By Susan Payne
In a post-pandemic world, young people are finding the right place to let go of angst at the School of Rock Venice.
The school, devoted to helping aspiring musicians master skills, unleash creativity and develop tools they need to thrive in life, is hosting its end of season show in January at the legendary Troubadour club in West Hollywood.
On January 29, 2023, about 60 students will perform a culmination of rock and roll they’ve been diligently working on this year.
For the first time in six years, School of Rock Venice will rent the club on its own, rather than having a shared performance with another school, because of the growth in students the school has experienced post-pandemic.
“Our growth took off once lockdown ended. Over the course of 14 hellish months, we went from 177 students down to 97, but within a year of coming back, we were at 250,” said Adrian Flores, School of Rock Venice’s general manager.
After a year and a half of being indoors, Flores said Venice’s demographic has helped with the explosive growth of the school.
“Venice is dense with families, so now that lockdown is over, we might have kids who suddenly want to explore playing the guitar, drums, keys, vocals, or bass. Everyone is realizing how valuable time is, and so we benefit from that greatly,” Flores said.
School of Rock Venice’s programs start at 3.5 years old, and students are able to join their main programs at age 8.
“Each instrument has their own set of criteria for us to look at and decide if the student is proficient enough to be on stage,” Flores said. “It’s a test like any other, but on how well you handle your instrument, rather than… trigonometry, for example.”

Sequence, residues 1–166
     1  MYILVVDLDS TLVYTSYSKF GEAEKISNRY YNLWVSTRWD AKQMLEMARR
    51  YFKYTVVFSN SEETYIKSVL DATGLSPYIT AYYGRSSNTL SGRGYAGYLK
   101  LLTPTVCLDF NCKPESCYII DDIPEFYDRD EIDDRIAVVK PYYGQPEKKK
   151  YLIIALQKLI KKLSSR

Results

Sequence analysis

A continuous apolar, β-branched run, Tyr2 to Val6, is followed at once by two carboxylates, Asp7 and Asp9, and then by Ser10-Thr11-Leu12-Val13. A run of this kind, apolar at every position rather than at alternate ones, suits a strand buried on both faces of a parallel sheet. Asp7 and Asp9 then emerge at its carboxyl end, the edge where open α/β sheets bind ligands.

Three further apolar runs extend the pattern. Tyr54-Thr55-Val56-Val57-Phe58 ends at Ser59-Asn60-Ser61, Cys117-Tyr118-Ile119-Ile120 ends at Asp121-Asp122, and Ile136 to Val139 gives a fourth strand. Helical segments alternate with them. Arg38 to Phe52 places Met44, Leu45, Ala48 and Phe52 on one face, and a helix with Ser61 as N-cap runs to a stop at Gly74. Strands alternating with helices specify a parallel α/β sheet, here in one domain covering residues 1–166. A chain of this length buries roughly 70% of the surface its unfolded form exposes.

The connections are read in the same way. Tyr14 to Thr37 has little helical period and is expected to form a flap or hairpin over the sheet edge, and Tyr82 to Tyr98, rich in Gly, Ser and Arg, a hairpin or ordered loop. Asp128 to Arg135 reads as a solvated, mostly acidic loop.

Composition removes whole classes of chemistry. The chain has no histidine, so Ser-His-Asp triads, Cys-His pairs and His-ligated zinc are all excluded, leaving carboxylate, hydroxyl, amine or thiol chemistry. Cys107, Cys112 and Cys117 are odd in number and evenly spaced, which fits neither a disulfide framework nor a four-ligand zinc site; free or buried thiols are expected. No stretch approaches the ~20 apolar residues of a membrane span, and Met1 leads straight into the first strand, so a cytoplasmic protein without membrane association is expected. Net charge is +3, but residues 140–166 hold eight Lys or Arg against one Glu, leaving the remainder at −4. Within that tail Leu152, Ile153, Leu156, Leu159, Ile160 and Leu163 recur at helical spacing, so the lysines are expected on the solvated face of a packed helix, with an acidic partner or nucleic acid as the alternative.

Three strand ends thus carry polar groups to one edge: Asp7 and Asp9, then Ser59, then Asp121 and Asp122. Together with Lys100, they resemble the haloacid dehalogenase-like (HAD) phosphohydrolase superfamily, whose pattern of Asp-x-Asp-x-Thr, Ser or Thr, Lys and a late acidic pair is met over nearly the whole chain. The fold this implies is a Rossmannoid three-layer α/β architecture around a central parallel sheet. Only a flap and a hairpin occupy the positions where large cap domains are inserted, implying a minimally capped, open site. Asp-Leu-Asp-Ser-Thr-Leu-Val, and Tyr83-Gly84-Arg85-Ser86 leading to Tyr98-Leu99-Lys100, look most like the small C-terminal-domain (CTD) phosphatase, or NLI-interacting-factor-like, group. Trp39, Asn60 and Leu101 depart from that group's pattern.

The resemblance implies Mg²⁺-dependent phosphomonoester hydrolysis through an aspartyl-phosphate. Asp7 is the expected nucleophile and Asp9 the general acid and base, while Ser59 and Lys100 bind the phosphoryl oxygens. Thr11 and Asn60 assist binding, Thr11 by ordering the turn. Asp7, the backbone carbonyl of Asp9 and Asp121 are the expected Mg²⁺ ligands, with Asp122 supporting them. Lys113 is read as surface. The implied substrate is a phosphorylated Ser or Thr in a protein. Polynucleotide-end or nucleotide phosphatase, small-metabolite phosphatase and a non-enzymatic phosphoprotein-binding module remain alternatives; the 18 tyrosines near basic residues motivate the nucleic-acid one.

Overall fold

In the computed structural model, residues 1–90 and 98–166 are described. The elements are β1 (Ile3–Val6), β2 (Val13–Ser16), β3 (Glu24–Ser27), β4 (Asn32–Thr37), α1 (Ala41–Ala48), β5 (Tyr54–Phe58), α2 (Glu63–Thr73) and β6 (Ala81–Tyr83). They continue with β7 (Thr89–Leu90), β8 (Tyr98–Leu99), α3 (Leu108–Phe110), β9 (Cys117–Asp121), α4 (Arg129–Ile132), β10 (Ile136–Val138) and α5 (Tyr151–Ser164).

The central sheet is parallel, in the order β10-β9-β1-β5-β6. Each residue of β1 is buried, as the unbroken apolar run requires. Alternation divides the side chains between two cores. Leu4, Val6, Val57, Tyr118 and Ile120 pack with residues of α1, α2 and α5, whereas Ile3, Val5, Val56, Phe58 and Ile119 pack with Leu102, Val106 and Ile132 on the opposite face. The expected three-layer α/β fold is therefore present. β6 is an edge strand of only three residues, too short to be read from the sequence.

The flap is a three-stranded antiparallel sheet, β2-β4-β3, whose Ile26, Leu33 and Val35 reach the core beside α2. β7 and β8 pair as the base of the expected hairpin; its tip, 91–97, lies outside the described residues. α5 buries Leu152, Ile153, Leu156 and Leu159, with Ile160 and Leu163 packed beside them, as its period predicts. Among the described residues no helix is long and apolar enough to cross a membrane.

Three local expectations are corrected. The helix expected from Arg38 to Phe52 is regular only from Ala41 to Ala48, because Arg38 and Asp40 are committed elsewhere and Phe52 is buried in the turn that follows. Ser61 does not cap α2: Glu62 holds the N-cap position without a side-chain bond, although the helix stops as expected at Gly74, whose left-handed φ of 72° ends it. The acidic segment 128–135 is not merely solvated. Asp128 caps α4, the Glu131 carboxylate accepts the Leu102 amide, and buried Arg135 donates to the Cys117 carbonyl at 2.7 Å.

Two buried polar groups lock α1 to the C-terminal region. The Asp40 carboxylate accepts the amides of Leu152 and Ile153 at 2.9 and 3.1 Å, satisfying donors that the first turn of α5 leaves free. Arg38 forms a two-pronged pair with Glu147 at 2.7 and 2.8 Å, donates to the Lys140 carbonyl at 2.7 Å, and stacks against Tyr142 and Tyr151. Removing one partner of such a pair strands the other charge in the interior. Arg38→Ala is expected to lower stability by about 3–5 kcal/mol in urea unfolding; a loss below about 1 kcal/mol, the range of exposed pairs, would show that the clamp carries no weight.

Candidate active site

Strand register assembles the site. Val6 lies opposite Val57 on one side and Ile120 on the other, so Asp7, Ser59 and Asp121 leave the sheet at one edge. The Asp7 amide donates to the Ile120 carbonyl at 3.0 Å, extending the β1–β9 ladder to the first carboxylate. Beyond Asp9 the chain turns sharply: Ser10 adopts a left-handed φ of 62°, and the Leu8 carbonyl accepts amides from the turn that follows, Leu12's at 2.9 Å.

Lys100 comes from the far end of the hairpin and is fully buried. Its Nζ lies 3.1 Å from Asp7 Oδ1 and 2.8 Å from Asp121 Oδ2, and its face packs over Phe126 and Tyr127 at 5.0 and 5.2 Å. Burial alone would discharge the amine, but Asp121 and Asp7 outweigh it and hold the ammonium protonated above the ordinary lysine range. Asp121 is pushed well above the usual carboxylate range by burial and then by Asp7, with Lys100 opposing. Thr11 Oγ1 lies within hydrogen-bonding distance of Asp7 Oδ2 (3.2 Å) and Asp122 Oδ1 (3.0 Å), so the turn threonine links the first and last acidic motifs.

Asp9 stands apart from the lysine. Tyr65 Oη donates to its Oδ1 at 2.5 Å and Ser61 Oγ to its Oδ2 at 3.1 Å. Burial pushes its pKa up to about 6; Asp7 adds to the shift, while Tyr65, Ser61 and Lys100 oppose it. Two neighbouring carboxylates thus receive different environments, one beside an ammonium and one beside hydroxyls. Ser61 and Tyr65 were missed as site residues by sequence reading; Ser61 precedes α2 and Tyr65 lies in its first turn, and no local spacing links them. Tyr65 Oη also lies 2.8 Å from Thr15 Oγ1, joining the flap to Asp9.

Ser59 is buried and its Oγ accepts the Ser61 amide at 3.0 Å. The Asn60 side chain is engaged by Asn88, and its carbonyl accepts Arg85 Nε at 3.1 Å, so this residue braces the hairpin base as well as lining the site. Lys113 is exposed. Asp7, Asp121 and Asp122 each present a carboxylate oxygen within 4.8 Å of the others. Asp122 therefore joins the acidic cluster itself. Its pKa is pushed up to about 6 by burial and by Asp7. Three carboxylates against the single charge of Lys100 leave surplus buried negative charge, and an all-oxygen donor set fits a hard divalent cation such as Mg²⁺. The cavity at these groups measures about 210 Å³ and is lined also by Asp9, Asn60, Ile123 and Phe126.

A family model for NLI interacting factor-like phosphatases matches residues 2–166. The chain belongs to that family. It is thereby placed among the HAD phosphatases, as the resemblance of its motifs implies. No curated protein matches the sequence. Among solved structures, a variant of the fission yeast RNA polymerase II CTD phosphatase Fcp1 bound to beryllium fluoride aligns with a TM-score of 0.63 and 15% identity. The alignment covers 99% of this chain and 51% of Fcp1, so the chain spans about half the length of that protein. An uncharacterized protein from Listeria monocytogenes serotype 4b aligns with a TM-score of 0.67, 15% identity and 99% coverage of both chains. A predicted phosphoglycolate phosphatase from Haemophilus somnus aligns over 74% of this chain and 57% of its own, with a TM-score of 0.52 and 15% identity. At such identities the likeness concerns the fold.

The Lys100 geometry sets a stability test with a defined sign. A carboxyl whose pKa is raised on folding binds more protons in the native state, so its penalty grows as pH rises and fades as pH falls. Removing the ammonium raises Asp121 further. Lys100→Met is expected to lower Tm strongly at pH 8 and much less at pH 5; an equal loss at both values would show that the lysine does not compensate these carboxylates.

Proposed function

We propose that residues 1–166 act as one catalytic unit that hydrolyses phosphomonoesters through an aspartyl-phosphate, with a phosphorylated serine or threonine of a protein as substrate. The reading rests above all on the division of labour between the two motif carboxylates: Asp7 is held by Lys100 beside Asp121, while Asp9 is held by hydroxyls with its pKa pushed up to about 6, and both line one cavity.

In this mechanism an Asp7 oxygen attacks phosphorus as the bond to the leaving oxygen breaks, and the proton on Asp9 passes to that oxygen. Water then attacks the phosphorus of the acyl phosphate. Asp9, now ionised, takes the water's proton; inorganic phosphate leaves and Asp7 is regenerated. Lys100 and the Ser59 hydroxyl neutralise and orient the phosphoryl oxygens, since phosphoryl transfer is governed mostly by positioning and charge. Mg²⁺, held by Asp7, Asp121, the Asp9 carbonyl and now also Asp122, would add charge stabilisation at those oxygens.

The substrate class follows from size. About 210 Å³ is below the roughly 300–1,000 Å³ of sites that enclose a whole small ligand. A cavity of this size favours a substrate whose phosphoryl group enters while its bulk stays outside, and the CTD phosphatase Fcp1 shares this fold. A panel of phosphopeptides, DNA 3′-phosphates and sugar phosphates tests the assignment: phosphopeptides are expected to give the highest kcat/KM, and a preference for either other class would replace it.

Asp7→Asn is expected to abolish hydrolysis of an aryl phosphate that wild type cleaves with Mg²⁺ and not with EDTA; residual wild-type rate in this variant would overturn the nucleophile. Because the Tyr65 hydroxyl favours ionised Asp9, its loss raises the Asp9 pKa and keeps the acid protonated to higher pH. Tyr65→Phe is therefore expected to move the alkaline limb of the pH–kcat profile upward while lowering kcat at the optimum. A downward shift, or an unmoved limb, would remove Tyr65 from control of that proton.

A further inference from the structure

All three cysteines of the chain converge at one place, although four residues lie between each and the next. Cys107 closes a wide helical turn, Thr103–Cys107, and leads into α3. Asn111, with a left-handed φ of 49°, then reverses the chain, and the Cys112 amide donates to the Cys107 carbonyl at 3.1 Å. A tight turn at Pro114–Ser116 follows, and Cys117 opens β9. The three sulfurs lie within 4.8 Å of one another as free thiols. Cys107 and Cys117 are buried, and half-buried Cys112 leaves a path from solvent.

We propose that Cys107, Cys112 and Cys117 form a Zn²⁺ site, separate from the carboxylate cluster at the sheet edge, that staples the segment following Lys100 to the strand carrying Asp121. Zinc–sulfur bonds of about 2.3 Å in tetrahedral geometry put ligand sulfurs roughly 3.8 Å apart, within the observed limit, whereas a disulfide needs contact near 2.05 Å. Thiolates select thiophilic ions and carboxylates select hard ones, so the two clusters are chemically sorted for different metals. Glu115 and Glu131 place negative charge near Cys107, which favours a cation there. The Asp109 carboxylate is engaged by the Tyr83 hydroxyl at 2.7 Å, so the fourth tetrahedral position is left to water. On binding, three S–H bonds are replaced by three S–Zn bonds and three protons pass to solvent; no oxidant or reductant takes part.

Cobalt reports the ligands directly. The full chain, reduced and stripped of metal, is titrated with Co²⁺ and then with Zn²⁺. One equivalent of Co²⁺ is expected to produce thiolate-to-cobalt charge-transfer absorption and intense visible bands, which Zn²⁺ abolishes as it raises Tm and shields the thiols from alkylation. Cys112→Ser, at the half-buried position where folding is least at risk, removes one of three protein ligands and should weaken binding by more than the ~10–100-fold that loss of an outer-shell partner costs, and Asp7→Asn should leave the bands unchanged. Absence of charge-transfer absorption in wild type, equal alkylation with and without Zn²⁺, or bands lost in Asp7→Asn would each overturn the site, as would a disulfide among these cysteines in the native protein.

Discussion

With the students’ interests at heart, Flores and his team of instructors pick genres and ideas for the season’s show that are also important for music education.
“Students should be working toward the next step in their music education. If a student likes Green Day, where do they go after that? How do you ascend? How do you expand your knowledge base of music? It’s part of our job to show you,” Flores said.
Outside of traditional education, Flores said School of Rock Venice is a safe haven for students to be themselves, surrounded by others who share the same interest.
“We have kids who maybe don’t love school that much, or maybe don’t have an easy time fitting in at school. Then they come to School of Rock and it’s a whole different ballgame,” Flores said. “They don’t have opponents here, only advocates.”
Flores said he can empathize with what some of the kids are going through, and why rock and roll has such an important role in recognizing they are not alone.
“Teenagers are going to have angst whether there is an internet or not. You’re going to wake up and realize the world exists, and that’s going to give you some feelings, but there are entire genres of music out there, made just for you, by people who feel just like you do.To have your sense of isolation as a teenager broken by the fact that you know you are not alone, that was it for me, and I’m willing to bet I’m not the only one,” Flores added.
Flores hopes more students pick up the bass guitar, something that’s vital to any rock band.
“You can’t have a rock band without a bass player, unless your name is Jack White” he said. “Rock has never been as underground as it is right now, and there’s a certain romance to being the ones who guard against the death of rock and roll.”